Background: Diagnosing cobalamin (Cbl) deficiency as a cause of polyneuropathy (PN) is problematic, as the frequency of both disorders increases with age, and serum Cbl levels can be difficult to interpret. Objectives: To identify unique clinical or laboratory features among PN patients with Cbl deficiency and to examine the role of testing of serum metabolite levels in the identification of Cbl deficiency. Design: Cohort survey comparing patients with Cbl deficiency and cryptogenic PN identified during a 2-year period. Cobalamin deficiency was diagnosed using low serum Cbl levels or elevated serum methylmalonic acid or homocysteine levels. Setting: Academic neuromusclar clinic. Results: Of 324 PN patients, 27 were diagnosed as having Cbl deficiency. Twelve had Cbl levels within the normal range, but elevated serum metabolite levels. Compared with patients with cryptogenic sensory/sensorimotor PN, those with Cbl deficiency were more likely to have concomitant involvement of the upper and lower extremities and experience symptom onset in the hands and a sudden onset of symptoms (P<.005). These differences were seen regardless of whether Cbl deficiency was defined using low Cbl levels or elevated serum metabolite levels. Autoimmune pernicious anemia was identified in 6 (50%) of 12 Cbl-deficient patients with normal serum Cbl levels. The patients with PN and Cbl deficiency showed little objective improvement after parenteral replacement therapy; however, progression occurred less often in these patients compared with those with cryptogenic sensory/sensorimotor PN (P=.02). Conclusions: This study highlights the challenges of proving that Cbl deficiency is the cause for PN and identifies clinical features that suggest Cbl-deficiency PN. Testing of serum metabolite levels may identify Cbl deficiency in some patients with normal serum Cbl levels.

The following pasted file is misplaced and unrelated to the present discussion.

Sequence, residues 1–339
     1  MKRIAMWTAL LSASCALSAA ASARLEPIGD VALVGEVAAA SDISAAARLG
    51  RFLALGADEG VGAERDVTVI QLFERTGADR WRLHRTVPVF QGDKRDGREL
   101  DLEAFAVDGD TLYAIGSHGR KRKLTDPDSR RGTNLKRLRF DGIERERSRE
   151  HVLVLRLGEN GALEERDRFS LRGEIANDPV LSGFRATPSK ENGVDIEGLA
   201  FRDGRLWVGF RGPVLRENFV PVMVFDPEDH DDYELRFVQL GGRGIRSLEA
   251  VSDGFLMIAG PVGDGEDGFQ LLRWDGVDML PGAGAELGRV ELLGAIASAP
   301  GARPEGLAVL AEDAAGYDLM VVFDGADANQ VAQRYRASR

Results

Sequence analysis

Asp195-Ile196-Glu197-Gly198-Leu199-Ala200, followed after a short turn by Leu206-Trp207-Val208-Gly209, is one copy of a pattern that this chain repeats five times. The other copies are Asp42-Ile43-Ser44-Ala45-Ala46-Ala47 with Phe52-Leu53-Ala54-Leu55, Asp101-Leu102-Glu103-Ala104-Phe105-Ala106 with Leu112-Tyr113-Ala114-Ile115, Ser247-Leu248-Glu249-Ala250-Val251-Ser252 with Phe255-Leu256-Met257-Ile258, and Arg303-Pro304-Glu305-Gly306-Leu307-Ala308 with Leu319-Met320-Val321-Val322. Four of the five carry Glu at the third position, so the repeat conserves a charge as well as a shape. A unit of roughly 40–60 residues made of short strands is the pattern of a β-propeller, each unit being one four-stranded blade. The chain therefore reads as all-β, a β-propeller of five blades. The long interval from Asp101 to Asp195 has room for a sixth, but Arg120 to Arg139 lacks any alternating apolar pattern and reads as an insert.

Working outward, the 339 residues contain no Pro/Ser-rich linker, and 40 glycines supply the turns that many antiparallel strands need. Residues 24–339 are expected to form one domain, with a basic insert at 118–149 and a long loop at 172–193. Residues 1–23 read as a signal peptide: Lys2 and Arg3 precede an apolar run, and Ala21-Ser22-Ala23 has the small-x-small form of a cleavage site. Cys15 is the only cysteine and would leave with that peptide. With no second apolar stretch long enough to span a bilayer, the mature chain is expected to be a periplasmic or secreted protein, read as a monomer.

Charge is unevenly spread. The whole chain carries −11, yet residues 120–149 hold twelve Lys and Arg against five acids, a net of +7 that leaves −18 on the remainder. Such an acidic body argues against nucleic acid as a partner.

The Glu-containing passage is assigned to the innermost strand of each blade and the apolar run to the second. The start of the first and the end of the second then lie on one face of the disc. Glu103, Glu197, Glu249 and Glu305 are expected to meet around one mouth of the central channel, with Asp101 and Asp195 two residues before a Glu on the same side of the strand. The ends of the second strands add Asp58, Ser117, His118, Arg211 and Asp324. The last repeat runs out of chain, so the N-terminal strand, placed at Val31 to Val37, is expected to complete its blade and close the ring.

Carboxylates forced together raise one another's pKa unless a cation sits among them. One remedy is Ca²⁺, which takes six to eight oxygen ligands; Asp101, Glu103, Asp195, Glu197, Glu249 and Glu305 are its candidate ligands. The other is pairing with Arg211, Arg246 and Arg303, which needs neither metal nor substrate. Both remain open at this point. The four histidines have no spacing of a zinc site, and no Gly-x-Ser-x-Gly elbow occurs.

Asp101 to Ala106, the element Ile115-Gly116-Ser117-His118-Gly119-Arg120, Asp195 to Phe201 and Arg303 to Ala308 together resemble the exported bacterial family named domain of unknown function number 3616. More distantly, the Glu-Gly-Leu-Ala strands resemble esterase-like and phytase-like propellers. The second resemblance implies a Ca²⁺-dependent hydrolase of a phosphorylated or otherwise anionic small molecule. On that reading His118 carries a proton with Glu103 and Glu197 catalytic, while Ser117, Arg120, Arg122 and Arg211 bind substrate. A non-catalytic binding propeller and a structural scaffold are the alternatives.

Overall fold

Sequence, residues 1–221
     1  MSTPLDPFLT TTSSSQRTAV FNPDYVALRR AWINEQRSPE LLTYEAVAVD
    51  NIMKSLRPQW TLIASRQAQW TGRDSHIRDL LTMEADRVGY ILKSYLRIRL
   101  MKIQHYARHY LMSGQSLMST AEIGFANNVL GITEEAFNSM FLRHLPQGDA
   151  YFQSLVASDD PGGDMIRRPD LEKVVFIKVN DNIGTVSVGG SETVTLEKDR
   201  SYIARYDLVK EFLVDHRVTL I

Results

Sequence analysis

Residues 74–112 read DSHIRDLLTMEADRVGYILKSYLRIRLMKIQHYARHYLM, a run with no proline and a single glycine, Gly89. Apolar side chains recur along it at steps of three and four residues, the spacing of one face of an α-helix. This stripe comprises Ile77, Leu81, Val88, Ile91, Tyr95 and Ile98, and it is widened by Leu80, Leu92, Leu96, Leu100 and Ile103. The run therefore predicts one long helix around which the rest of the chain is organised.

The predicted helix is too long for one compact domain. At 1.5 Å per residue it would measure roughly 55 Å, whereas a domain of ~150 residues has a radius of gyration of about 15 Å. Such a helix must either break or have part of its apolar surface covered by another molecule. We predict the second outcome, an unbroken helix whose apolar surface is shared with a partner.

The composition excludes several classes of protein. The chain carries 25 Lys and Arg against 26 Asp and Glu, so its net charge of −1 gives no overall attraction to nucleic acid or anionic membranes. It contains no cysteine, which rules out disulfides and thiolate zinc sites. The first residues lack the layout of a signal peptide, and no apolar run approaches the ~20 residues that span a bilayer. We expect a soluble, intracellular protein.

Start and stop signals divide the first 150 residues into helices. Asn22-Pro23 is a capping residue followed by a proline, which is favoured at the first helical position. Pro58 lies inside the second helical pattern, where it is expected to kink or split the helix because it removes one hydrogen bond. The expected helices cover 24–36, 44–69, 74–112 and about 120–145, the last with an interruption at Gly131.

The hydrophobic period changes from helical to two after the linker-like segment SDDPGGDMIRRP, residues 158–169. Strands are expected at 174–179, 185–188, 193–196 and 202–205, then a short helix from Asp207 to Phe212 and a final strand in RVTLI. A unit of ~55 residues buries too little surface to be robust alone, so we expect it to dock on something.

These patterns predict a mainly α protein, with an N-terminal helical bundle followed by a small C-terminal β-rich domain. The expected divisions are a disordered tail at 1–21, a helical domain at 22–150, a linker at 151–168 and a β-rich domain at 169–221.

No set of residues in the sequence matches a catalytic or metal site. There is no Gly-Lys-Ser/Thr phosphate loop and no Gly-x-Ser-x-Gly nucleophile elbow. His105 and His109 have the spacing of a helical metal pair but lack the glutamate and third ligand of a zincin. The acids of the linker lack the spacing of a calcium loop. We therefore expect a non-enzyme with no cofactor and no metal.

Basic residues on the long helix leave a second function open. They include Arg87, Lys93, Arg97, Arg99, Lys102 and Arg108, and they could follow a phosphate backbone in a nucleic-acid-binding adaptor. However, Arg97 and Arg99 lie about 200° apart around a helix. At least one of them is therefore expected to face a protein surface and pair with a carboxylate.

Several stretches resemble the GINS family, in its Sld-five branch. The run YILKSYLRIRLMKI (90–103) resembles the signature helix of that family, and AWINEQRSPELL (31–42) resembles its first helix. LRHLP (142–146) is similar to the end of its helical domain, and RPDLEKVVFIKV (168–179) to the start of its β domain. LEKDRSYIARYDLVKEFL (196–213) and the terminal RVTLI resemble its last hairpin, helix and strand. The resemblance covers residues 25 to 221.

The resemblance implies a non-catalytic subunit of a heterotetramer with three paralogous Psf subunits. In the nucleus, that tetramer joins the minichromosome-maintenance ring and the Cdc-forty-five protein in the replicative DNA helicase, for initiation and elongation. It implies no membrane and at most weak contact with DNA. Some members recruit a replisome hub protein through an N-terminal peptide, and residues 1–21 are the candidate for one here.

|Original language||English (US)|
|Number of pages||6|
|Journal||Archives of neurology|
|State||Published - Sep 1 2003|
ASJC Scopus subject areas
- Arts and Humanities (miscellaneous)
- Clinical Neurology